W3C home > Mailing lists > Public > public-swd-wg@w3.org > January 2008

Comments on SKOS Reference

From: Thomas Baker <baker@sub.uni-goettingen.de>
Date: Thu, 3 Jan 2008 11:04:56 +0100
To: SWD Working Group <public-swd-wg@w3.org>
Message-ID: <20080103100456.GA760@octavius>

Alistair, Sean, all,

I hope everyone is having restful holidays.  

I have been studying the new draft SKOS Reference [1],
which pulls together and summarizes the design decisions
taken since Amsterdam.  Kudos to Alistair and Sean for this
substantial piece of work!

As noted in Section 1.1, some of the explanatory bits are a bit
long and should perhaps eventually be moved to the Primer, but
we need to first agree on what those explanations should say
so this is the right place to park them for now.  Telling the
story on how SKOS relates to ontologies is especially crucial.

For now, just one general comment.  

I happened to start reading the document somewhere in the
middle and found the informal prose presentation of the
model -- e.g., "skos:ConceptScheme has type Class" (4.3) --
a bit disorienting.  As a reader I found myself flipping back
to the Introduction for an explanation. Section 1.5 says that
the prose is used "to improve the overall readability of this
document, rather than mix RDF triples and other notations";
that "the meaning of this prose will be obvious to a reader
with a working knowledge of RDF and OWL"; and that "Class"
means "owl:Class", etc. This tells me enough to interpret
the above as "skos:ConceptScheme rdf:type owl:Class".  Then I
noted that there is a placeholder in Appendix C for the SKOS
data model as RDF triples.

In my recollection, we decided in Amsterdam to use prose in
order to avoid putting formulations such as

    For any resource x, all members of the set { y | <x,y>
    is in IEXT(I(skos:prefLabel)) } are RDF plain literals
    and no two members of this set share the same language tag.

into the body of the spec -- i.e., for constraints that
cannot be expressed as triples.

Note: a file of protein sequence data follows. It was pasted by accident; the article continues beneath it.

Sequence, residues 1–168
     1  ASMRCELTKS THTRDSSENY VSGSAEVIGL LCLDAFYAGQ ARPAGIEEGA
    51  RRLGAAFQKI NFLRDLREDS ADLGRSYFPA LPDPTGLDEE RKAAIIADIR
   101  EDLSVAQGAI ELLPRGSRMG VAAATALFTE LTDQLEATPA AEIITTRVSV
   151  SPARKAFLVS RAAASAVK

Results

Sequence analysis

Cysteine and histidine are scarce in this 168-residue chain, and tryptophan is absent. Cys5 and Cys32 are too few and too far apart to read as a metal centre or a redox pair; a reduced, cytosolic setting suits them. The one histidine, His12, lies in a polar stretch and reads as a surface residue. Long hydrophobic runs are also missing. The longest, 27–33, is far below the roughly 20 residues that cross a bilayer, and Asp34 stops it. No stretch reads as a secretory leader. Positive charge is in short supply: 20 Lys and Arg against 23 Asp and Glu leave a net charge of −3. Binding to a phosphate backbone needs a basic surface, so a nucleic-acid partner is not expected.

I'm wondering if we really gain readability by rendering the
triples themselves as prose. Will there be many readers who
_do_ understand "has type Class" but do _not_ understand
"rdf:type owl:Class" (or simply read it as "rdf:type
rdfs:Class")?  Is it possible, on the other hand, that an
inexpert reader could get confused by formulations such as
"The Domain and Range of...", not realizing it is a shorthand
for "The Domain of..." and "The Range of..."?

My preference would be to see the components of the model,
whenever possible, in triples, and that Appendix C be
reserved for other types of formalisms (such as the above).
In order to improve readability for readers who are not used
to reading triples, the triples could perhaps be restated
as prose -- but then they could be worded in ways that are
unconstrained by the need to make the mapping obvious, e.g.,
"skos:ConceptScheme is an instance of the class owl:Class".

I suggest that everyone take the time now to give this key
new draft a careful read.

All the best in the New Year,
Tom

[1] http://www.w3.org/2006/07/SWD/SKOS/reference/20071223



-- 
Thomas Baker <baker@sub.uni-goettingen.de>
W3C Semantic Web Deployment Working Group
http://www.w3.org/2006/07/SWD/
Received on Thursday, 3 January 2008 10:05:25 GMT

This archive was generated by hypermail 2.2.0+W3C-0.50 : Tuesday, 8 January 2008 14:17:32 GMT